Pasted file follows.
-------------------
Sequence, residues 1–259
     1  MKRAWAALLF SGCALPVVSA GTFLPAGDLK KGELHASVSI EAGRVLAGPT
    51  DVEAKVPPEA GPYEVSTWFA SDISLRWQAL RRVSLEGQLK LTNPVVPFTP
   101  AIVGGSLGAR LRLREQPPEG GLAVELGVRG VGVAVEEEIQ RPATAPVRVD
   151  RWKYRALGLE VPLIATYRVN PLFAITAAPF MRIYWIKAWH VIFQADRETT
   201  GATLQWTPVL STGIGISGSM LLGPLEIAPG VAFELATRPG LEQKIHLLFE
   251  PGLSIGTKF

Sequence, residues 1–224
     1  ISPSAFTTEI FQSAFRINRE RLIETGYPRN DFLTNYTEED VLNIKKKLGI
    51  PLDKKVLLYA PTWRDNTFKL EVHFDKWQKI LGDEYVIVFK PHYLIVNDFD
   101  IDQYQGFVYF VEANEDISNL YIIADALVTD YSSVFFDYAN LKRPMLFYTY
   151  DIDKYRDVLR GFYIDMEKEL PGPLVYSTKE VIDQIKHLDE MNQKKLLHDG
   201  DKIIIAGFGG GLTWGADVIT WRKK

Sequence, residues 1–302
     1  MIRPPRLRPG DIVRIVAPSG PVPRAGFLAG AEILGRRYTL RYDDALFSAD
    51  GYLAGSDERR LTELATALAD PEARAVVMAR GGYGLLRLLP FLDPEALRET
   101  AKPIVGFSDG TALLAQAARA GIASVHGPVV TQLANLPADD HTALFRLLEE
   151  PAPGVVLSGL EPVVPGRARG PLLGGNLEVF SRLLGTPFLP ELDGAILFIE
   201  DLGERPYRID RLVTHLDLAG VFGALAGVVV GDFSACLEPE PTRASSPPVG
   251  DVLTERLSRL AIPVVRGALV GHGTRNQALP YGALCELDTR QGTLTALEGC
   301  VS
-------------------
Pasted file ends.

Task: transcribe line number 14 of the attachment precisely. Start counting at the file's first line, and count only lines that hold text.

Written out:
Sequence, residues 1–302